In real life we’d say, “The judge has no power or authority to do that; he has to obey the law.” The judge, you see, is not the source of the law, but is merely an officer of a higher authority. But Geisler and Turek are using this judge to represent God, who supposedly is the source of all laws and is himself the highest possible authority. What higher authority is there Who is telling God that He can and must harm somebody, whether or not they’re guilty? Who is the greater God Who is telling God that once some innocent person has suffered, it’s ok for Him to let the guilty off the hook?
In the story, the judge gives the son the money to pay the fine, thus subverting the law while maintaining the outward appearance of upholding it. In real life, this money would be paid to the higher authority, i.e. the state. If the judge is really God, though, then what higher authority does He pay the fine to? If He must pay it to Himself, then has the fine really been paid? If I write a check from myself to myself, has any actual money changed hands? Again, it’s a sham, a fake transaction designed to give the appearance of upholding the law while actually subverting it.
Amazingly, Geisler and Turek take it even further.
[A] perfectly just God must punish bad deeds regardless of how many good ones someone has performed. Once we’ve sinned against an eternal Being—and we all have—we deserve eternal punishment, and no good deed can change that fact.
As if their legal and moral system wasn’t already corrupt enough, Geisler and Turek now propose that punishments be based, not on the seriousness of the crime, or on the harm it causes to others, but on the duration of the person taking offense at what you’ve done. You and I, according to Geisler and Turek, deserve eternal punishment, not because we’re guilty of offenses we kept committing for all of eternity, but merely because the Person we’ve offended is an eternal Being. A truly amazing legal principle, and so self-evident. That’s why crimes against the elderly deserve to be punished so much more than crimes against infants, doncha know. (Sheesh!)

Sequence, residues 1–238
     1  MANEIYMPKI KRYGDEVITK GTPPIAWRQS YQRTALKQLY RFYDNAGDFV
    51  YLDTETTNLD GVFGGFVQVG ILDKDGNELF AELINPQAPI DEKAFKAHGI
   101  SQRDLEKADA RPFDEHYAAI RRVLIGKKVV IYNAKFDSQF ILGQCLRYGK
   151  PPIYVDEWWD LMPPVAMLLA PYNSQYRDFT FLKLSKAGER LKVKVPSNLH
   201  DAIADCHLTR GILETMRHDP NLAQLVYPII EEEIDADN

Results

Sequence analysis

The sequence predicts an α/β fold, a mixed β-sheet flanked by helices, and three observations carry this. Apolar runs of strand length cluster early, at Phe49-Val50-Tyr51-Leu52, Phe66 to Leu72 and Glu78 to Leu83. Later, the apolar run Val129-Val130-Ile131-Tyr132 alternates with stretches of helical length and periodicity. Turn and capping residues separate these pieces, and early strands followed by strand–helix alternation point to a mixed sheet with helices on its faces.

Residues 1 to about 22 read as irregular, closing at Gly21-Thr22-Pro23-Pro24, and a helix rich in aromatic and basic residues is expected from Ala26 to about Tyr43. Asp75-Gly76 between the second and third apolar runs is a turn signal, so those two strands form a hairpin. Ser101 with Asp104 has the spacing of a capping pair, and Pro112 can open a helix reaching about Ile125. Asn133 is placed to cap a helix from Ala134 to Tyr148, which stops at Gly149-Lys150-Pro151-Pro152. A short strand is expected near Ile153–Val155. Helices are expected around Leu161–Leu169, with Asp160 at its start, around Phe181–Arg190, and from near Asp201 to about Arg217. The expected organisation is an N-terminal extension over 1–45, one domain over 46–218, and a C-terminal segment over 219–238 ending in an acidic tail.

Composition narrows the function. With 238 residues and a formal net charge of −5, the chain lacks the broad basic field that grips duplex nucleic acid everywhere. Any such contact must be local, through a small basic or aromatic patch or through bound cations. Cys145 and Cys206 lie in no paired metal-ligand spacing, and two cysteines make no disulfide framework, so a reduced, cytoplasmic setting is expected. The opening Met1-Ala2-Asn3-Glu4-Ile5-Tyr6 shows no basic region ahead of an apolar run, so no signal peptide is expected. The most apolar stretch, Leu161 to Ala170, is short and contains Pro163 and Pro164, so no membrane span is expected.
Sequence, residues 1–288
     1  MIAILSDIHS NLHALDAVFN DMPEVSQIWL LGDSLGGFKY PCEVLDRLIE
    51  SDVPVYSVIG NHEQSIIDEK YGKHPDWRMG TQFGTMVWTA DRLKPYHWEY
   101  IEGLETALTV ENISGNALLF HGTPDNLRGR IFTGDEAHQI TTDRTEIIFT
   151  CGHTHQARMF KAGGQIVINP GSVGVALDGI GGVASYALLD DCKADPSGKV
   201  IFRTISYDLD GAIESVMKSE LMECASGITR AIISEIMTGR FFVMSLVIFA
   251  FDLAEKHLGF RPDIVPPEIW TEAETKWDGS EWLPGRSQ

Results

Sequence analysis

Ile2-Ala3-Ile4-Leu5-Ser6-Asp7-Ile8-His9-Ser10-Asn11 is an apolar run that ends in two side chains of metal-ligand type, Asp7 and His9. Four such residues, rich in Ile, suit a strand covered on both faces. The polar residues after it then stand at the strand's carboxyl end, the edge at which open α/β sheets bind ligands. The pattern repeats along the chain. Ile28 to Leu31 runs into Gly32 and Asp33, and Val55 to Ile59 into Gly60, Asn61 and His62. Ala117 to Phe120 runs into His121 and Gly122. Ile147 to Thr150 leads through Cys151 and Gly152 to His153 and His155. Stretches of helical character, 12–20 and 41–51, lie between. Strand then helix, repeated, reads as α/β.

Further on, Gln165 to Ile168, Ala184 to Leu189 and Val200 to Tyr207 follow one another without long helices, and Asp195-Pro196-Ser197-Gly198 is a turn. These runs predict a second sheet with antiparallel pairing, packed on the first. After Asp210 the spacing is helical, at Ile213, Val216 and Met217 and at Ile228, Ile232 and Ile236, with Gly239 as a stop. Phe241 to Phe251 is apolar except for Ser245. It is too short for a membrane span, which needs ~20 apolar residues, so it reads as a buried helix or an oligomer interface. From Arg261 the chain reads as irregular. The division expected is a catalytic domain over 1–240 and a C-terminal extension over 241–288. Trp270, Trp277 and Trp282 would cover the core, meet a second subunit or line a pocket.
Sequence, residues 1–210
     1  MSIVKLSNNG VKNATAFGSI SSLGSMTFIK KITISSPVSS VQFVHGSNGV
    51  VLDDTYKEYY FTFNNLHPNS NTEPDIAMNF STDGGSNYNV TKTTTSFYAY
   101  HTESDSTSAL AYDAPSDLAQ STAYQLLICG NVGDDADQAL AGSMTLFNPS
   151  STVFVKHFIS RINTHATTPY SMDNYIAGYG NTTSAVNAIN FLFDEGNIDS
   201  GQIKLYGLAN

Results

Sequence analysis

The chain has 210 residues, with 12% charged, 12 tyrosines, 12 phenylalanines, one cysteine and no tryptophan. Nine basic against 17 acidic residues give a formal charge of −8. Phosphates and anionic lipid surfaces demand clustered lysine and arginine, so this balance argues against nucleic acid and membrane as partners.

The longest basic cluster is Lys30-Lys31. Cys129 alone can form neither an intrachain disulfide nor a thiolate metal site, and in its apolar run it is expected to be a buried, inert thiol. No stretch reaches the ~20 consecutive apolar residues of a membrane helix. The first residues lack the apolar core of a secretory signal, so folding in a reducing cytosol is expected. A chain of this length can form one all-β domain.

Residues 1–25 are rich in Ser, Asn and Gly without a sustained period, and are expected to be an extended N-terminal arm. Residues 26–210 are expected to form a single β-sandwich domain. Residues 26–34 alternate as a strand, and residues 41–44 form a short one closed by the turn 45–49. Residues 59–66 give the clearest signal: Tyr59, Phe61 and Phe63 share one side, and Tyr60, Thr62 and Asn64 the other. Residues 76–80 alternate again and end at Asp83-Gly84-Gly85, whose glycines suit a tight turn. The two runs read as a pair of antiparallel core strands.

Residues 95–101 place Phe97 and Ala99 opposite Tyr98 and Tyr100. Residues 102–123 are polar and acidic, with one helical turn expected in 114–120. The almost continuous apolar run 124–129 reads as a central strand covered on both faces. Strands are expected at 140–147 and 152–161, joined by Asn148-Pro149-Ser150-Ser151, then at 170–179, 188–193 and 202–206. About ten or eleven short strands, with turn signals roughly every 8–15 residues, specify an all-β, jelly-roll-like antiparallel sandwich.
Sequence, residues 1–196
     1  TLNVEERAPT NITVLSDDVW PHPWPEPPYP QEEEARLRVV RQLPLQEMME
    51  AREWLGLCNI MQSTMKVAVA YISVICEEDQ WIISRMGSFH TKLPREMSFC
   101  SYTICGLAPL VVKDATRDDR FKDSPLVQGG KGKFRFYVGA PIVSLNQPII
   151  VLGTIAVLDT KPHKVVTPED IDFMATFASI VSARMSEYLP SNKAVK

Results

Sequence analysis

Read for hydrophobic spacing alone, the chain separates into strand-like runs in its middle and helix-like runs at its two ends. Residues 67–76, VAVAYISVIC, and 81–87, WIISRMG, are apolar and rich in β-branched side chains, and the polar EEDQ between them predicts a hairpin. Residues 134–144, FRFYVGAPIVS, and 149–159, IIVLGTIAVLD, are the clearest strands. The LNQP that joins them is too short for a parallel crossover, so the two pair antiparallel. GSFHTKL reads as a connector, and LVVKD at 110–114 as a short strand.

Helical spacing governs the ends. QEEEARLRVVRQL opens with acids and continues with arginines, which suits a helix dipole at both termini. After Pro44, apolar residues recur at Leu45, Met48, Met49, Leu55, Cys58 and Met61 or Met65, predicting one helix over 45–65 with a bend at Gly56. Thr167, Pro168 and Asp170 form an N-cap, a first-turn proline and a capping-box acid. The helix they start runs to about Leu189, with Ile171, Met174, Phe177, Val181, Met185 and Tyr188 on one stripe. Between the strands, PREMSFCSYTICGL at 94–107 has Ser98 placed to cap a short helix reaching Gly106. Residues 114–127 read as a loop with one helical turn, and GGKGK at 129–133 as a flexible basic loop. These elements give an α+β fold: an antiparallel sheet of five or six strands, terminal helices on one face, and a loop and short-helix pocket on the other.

This is what superstition leads to. When you base your concept of justice and morality on the confused conclusions that primitive people jumped to whenever they didn’t understand how the world works, you end up with a confused and superstitious system of morality and justice. You end up recruiting people by offering them a chance to scam the system, using a ploy that benefits the guilty by punishing the innocent, who suicidally volunteer to help you pull it off by arranging their own deaths. And then you see what kind of people respond to this sort of appeal, and what kind of people you end up with in the church, and you wonder why they have such serious problems with morality and justice. Go figure, eh?
Not that Christians are any worse people than anyone else, of course. It’s not that the people themselves are bad (despite Geisler and Turek’s insistence to the contrary). But the church is promoting a corrupt moral system that is the foundational basis for everything else they preach, and they’re appealing to people based on that corrupt moral system. By responding and converting based on the appeal of that system, people are committing themselves to a path that cannot escape the corruption of its own foundation. Especially when it is continually preached, via pulpits, books, broadcasts, and Internet, as the core of what Christians believe.
Christians, like most people, are basically good, but even good people can be led astray by corrupt and superstitious systems. The first step in recovery is to acknowledge the problem. And this story of the subversive judge, and his unjust treatment of his own son, is a fairly typical example of the Christian problem.